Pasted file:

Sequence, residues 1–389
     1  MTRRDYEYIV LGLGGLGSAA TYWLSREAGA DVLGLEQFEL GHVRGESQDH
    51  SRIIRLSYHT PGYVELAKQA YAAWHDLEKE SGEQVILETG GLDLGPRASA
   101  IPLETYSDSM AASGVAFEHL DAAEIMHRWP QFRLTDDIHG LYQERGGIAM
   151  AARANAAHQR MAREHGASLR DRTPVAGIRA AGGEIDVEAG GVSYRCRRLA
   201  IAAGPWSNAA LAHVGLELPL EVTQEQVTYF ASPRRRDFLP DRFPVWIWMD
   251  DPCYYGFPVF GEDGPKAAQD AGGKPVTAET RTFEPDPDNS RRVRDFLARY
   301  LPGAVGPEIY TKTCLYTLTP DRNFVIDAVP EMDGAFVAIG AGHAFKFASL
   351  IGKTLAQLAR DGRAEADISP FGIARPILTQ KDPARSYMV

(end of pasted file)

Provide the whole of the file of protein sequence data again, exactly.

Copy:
Sequence, residues 1–389
     1  MTRRDYEYIV LGLGGLGSAA TYWLSREAGA DVLGLEQFEL GHVRGESQDH
    51  SRIIRLSYHT PGYVELAKQA YAAWHDLEKE SGEQVILETG GLDLGPRASA
   101  IPLETYSDSM AASGVAFEHL DAAEIMHRWP QFRLTDDIHG LYQERGGIAM
   151  AARANAAHQR MAREHGASLR DRTPVAGIRA AGGEIDVEAG GVSYRCRRLA
   201  IAAGPWSNAA LAHVGLELPL EVTQEQVTYF ASPRRRDFLP DRFPVWIWMD
   251  DPCYYGFPVF GEDGPKAAQD AGGKPVTAET RTFEPDPDNS RRVRDFLARY
   301  LPGAVGPEIY TKTCLYTLTP DRNFVIDAVP EMDGAFVAIG AGHAFKFASL
   351  IGKTLAQLAR DGRAEADISP FGIARPILTQ KDPARSYMV